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PAC without symptoms needn't raise an alarm

By Keith Roach, M.D. on

ANSWER: There has been a shift. Physicians are trying to prescribe fewer antibiotics overall in order to address the problem of antibiotic resistance. Antibiotics are effective against bacteria, and many times they have been prescribed for viral infections, for which they are ineffective.

Penicillin is active against many types of bacteria, but it is considered the best treatment only for a relatively few infections. I seldom prescribe actual penicillin.

Erythromycin also is effective against many types of bacteria. It is used less often now because newer antibiotics (azithromycin and clarithromycin in particular) are as effective or more effective and have fewer side effects.

I hope you find a physician you trust as much as your former physician.

DR. ROACH WRITES: A recent column on bad taste in the mouth (dysgeusia) generated some interesting letters, which I wanted to share. One person noted that her symptoms seemed to be from eating a certain type of pine nuts, and disappeared when she switched to Italian pine nuts (pignoli). I also heard from a person who said that eating a small amount of peanut butter solved the problem, while a clinician wrote to say he had good results prescribing probiotics. I don't know if any of these suggestions will help, but I doubt they will hurt.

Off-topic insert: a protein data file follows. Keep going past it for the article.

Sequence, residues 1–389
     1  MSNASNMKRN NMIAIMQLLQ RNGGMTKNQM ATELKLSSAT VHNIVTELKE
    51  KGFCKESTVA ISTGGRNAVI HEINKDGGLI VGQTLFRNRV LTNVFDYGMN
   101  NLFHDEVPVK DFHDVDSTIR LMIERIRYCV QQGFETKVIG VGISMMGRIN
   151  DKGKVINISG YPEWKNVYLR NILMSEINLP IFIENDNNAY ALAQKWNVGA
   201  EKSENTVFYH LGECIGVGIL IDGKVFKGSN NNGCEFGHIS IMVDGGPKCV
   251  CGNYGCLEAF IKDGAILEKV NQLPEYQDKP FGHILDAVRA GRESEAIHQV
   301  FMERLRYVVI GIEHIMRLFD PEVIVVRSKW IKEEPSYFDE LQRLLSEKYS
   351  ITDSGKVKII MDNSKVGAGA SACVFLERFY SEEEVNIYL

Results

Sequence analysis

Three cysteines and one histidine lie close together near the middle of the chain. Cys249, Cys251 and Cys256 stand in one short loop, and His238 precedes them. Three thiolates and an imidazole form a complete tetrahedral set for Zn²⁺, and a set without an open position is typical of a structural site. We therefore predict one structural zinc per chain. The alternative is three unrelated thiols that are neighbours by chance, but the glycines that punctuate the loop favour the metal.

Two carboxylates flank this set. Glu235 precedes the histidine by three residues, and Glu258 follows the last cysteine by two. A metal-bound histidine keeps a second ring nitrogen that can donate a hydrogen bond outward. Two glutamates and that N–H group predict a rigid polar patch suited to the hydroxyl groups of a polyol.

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Dr. Roach regrets that he is unable to answer individual letters, but will incorporate them in the column whenever possible. Readers may email questions to ToYourGoodHealth@med.cornell.edu or request an order form of available health newsletters at 628 Virginia Dr., Orlando, FL 32803. Health newsletters may be ordered from www.rbmamall.com.

(c) 2018 North America Syndicate Inc.

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